Maybe that ability to quickly assimilate would translate well to moving outside. Playing the Wide 9 is not all that different from playing as an outside backer in terms of assignments at the line.
This is where having versatile athletic talents like Suh, Jones and Ansah comes into play. Here's another look from Horton's Cleveland defense last season. This one uses two tackles playing in traditional 4-man line spots, but outside linebackers flanking instead of ends.
Using creativity like this is something the Lions should embrace. Even if the new coach sticks with a base 4-man front, mixing in wrinkles like this would help keep offenses off-balance.
Of course, that still leaves one other outside linebacker spot. That player is not currently on Detroit's roster. It would require either an early draft pick or a free agent acquisition, though cap limitations will keep the Lions from chasing the most prominent free agents.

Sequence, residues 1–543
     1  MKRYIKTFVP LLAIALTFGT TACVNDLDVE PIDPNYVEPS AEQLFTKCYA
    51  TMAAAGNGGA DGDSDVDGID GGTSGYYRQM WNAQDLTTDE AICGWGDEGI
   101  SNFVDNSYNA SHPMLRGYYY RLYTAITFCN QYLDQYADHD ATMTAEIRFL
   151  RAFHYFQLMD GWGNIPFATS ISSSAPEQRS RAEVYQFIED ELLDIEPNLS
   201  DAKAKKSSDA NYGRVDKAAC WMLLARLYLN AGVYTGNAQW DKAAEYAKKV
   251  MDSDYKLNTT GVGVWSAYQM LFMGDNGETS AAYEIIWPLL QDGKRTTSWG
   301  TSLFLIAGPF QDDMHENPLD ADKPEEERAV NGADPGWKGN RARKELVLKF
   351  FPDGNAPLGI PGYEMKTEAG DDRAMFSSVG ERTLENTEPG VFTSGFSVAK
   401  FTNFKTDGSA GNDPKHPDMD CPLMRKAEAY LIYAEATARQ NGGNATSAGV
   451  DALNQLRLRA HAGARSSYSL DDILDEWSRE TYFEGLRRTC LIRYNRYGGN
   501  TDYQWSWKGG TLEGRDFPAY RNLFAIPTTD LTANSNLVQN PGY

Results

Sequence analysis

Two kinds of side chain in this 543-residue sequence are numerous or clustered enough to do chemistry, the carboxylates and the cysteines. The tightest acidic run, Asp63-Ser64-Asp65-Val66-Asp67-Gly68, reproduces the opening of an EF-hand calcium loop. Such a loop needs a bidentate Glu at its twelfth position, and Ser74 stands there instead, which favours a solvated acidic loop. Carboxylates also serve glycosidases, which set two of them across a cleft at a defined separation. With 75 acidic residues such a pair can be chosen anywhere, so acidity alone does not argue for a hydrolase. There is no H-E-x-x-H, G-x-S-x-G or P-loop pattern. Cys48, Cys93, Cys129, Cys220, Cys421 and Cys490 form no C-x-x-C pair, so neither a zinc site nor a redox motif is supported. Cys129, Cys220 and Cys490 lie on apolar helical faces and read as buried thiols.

Another option would be to trade Fairley to a team making the switch in the opposite direction, from a 3-4 to a 4-3. Interestingly, Cleveland might be doing just that, as Mary Kay Cabot of Cleveland.com notes:
The Browns are very interested in Auburn coach Gus Malzahn and Vanderbilt coach James Franklin for their head coaching vacancy, and are expected to hire fired Lions coach Jim Schwartz as defensive coordinator, league sources have told CBS Sports' Jason LaCanfora.
Right now it's much ado about potentially nothing to fret over any defensive change. Still, it's nice to know the Lions do have some pieces in place to make the switch to the 3-4. Depth and experience at linebacker would be the biggest issues.